Nancy Sullivan went on to posit that the ovals on the lithograph may have sometimes been left blank for the family who purchased the item to attach a photograph. On our register, some of the ovals had printed portraits, and some had albumen photographs attached. Perhaps when the item was printed, the people filling each role were not yet assigned their role, or a portrait could not yet be drawn of them before the lithograph was made.

After the paper backing was removed mechanically with a scalpel, the separated pieces with lined up with the image side facing up. Tabs of solvent-reactivated Klucel-G coated tissue were used to hold the pieces together while the verso of the lithograph was repaired. Tears were mended with both untoned and toned Japanese tissue. Toned tissue repairs were made when the tears had minor losses. Fills were used for large losses.

Photo of the back of the lithograph showing repairs.

The verso of the lithograph with Japanese repair paper and tissue repairs.Now that the structure was repaired as a whole, it could once again be viewed as an authentic, complete work of art and history.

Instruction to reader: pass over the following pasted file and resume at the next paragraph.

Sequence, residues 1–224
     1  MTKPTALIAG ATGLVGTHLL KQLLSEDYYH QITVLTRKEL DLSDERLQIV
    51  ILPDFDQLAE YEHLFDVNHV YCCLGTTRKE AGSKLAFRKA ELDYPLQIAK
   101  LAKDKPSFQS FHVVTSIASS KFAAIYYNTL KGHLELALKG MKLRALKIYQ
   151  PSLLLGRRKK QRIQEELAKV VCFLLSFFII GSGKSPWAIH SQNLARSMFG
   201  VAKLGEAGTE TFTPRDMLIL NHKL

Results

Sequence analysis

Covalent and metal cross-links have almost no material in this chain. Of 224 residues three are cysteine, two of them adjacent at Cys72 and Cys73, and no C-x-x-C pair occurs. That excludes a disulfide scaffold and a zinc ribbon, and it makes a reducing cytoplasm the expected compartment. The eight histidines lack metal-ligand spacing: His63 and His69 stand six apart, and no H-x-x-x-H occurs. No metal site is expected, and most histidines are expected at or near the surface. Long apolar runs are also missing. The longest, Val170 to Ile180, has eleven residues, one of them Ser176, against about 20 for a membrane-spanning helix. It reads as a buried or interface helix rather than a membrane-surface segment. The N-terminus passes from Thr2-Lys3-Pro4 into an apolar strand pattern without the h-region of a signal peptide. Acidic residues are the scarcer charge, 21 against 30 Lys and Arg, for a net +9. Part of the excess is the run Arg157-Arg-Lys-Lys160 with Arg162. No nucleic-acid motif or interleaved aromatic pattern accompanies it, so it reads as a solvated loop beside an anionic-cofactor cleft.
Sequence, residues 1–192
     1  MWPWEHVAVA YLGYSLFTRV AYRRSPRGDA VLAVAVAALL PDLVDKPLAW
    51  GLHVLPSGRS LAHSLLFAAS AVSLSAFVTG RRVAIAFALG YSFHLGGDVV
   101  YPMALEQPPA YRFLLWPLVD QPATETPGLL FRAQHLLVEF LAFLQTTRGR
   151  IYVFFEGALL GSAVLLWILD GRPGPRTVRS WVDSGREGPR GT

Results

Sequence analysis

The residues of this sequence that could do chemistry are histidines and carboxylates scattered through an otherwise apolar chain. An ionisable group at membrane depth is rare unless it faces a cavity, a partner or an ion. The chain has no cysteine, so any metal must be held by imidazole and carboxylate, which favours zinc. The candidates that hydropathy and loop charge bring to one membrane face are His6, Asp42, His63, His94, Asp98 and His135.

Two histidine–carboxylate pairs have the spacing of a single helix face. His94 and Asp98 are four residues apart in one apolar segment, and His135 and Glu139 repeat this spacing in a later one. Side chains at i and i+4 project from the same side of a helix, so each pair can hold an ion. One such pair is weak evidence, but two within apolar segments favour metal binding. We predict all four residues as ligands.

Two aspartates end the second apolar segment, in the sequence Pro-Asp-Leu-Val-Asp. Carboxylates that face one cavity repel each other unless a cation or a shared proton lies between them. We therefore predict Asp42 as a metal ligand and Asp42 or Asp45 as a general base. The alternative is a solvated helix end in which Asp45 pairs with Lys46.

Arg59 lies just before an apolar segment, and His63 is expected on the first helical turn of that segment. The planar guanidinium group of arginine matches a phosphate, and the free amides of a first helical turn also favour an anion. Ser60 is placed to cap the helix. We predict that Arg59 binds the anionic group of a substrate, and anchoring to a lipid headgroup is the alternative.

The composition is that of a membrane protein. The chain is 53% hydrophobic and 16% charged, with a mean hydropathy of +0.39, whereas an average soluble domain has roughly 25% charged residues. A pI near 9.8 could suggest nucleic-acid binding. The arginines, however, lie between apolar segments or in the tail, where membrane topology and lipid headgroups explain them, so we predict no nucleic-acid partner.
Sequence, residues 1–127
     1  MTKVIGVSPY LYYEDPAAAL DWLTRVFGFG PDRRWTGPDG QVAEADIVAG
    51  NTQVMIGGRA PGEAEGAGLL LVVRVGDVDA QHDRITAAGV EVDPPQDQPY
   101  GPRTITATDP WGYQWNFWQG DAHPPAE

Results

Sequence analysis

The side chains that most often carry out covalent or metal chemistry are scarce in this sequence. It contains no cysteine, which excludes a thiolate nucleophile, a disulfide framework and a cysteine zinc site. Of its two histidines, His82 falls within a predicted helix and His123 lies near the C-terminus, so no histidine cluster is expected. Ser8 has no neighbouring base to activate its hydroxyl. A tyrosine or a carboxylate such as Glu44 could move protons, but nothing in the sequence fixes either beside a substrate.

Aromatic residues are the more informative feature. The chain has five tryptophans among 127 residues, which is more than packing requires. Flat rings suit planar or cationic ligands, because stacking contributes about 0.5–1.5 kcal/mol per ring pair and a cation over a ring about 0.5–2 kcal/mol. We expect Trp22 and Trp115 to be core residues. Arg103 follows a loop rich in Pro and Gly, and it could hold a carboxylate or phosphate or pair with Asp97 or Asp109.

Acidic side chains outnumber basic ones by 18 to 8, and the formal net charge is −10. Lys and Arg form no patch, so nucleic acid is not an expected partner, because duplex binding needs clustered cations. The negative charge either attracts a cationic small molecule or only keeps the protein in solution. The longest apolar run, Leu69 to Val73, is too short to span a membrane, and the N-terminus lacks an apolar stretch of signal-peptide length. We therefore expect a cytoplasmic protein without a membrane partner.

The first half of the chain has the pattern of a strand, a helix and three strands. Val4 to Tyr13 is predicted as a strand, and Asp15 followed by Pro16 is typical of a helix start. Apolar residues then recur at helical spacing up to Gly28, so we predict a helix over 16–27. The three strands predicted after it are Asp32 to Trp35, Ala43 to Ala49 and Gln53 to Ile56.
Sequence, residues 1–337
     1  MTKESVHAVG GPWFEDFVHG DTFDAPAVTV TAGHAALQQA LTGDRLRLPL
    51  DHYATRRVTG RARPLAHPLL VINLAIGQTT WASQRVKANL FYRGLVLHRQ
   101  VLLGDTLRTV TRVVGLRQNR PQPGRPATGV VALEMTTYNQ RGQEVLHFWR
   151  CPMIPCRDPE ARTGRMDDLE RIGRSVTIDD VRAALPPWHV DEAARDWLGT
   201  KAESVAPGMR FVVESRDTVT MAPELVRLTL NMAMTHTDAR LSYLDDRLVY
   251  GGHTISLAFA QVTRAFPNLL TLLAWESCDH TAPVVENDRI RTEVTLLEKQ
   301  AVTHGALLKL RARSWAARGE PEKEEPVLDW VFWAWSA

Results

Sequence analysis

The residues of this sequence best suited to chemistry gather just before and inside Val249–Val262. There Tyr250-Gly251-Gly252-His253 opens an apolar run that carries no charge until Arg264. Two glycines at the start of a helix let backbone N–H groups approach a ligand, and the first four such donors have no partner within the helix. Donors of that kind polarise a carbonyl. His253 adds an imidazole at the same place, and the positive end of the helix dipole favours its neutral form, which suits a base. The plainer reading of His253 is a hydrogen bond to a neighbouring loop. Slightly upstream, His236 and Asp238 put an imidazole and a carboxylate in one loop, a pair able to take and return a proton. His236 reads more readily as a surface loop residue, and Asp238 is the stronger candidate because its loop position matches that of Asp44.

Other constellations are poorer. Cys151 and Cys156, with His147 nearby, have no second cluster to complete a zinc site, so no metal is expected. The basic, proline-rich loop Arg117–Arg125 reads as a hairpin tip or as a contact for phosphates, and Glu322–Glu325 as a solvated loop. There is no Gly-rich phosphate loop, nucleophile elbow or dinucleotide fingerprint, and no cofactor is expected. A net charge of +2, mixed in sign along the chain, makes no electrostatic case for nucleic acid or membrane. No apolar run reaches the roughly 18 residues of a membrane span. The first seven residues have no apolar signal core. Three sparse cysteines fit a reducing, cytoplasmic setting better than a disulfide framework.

Photo of civil war lithograph after conservation treatment.
The civil war lithograph after conservation treatment.

Left: A 4-H knit cap. Center: Iowa State Can Koozie. Right: a stereoscope with two images mounted on board.

The Artifact Collection

Organizing storage has always been a problem for museums, libraries, and archives. Space is limited and comes at a premium. Housing and archival practices must be sustainable for the collection to remain within the limits of its designated space in an organized, coherent fashion. Pressed by this need for such a prized commodity, staff are even undertaking a massive transfer of books from the general collection stacks in Parks library to an off-site storage facility. It is imperative to revise current practices for the artifacts storage area in order to provide an efficient framework for the future.

The artifact collection is no small deal. There are over 4,000 objects in the special collections storage space. These range from the typical swag bracelet you might get at an engineering college event to signed Greek Life paddles from the second half of the 20th century to surveying equipment used in the construction of Iowa State College in 1858. There is quite a range of both types of artifacts and sources. Items began being accessioned as far back as 1993—nearly 30 years!

The artifacts in the special collections stacks.

Artifact overflow on the map cases.